How you personally answer that question may determine your willingness to trust in life enough to occasionally unharness yourself from the plow and let yourself just wander in the pasture and graze. And the act of stepping away from the plow is an act of trust, a way of communicating to your own soul that you have faith in its intimacy with the creative force of life.

It's also a way of acknowledging that half of success is simply noticing it! Stopping long enough to notice it, to partake of it, to understand and act on the knowledge that life is meant to be savored and not just worked at.

© Copyright Gregg Levoy.  All Rights Reserved

Gregg Levoy is the author of Callings: Finding and Following An Authentic Life (Random House)--a selection of the Book-of-the-Month Club, Quality Paperback Books, and One Spirit Book Club--as well as This Business of Writing (Writer's Digest Books). He has written for the New York Times Magazine, Washington Post, Psychology Today, Reader's Digest and others, as well as for corporate, promotional and television projects.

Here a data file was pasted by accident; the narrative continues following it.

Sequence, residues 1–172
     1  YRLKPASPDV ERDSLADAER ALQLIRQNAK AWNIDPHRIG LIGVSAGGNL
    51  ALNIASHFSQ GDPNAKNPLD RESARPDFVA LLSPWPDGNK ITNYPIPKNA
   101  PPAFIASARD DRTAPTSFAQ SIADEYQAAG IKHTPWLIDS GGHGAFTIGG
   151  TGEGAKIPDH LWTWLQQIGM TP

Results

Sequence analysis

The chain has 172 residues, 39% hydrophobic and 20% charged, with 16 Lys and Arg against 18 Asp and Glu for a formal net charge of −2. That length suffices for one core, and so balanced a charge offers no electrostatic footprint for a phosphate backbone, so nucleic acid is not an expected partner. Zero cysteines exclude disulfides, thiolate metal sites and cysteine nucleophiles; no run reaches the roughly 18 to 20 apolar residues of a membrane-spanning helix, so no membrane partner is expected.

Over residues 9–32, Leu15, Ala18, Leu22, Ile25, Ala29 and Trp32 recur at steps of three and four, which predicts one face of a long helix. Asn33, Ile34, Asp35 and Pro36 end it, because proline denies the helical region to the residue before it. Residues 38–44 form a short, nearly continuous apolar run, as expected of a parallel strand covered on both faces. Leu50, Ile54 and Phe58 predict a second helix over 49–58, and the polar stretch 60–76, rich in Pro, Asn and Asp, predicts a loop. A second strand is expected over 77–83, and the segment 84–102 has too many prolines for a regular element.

Gregg is a former adjunct professor of journalism at the University of New Mexico, and a former columnist and reporter for the Cincinnati Enquirer and USA Today. A full-time speaker and seminar leader in the business, educational and human potential arenas, he is also a frequent guest of the media, including ABC-TV, CNN, NPR and PBS. His website is www.gregglevoy.com.